Our Easter lectionary readings moved us through Christ’s Resurrection, Ascension, and the Descent of the Holy Spirit. Last Sunday, we celebrated the Most Holy Trinity, because we understood, from all that history, that God is Father, Son, and Holy Spirit; from the beginning, all Three Persons have lovingly worked to restore us to the life for which we were designed. We might, therefore, conclude that the history is now liturgically complete. Yet today, the Church calls us to another solemnity. In our readings, we are pondering the mystery of the Most Holy Body and Blood of our Lord in the Eucharist. This meal raises a question: If we now have the Holy Spirit to put God’s life in us, why do we need to “eat the Body” and “drink the Blood” of Christ? What does that accomplish that the gift of the Holy Spirit doesn’t?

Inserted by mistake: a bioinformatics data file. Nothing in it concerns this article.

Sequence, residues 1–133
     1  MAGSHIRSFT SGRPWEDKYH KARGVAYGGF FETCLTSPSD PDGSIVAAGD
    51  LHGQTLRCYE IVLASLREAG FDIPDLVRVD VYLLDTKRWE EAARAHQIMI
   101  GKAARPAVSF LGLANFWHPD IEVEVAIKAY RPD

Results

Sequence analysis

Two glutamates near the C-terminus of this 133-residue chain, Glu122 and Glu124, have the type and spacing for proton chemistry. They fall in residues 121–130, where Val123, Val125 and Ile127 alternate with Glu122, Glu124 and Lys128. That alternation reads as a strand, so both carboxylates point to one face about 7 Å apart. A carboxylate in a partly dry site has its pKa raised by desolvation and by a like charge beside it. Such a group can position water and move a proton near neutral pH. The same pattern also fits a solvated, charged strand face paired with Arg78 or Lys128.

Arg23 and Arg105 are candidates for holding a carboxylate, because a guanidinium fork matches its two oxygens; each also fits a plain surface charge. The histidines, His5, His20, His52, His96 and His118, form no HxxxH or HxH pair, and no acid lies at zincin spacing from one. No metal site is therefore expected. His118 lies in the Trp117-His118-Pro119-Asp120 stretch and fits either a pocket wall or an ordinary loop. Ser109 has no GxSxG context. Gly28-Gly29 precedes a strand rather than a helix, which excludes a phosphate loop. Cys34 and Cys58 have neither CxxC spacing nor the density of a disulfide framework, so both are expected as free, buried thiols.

Our Gospel reading begins midway through a long conversation Jesus had with people who tracked Him down after His miraculous feeding of the five thousand (Jn 6:25-50). They were looking for more bread, but Jesus used their physical hunger to direct their thoughts to another kind of bread: “For the bread of God is that which comes down from heaven, and gives life to the world” (Jn 6:33). It worked: “They said to Him, ‘Lord, give us this bread always’” (Jn 6:34).
Seeing they were interested, Jesus explained that He is the bread of life, and He called the Jews to believe in Him. In this part of the discussion, Jesus used imagery of bread and drink metaphorically: “he who comes to Me shall not hunger, and he who believes in Me shall not thirst” (Jn 6:35). When the Jews began to murmur at the suggestion that Jesus is bread from heaven (“Is this not Jesus, the son of Joseph, whose father and mother we know?”), He emphasized again that believing in Him is the source of eternal life: “Truly, truly I say to you, he who believes has eternal life” (Jn 6:47).Read More »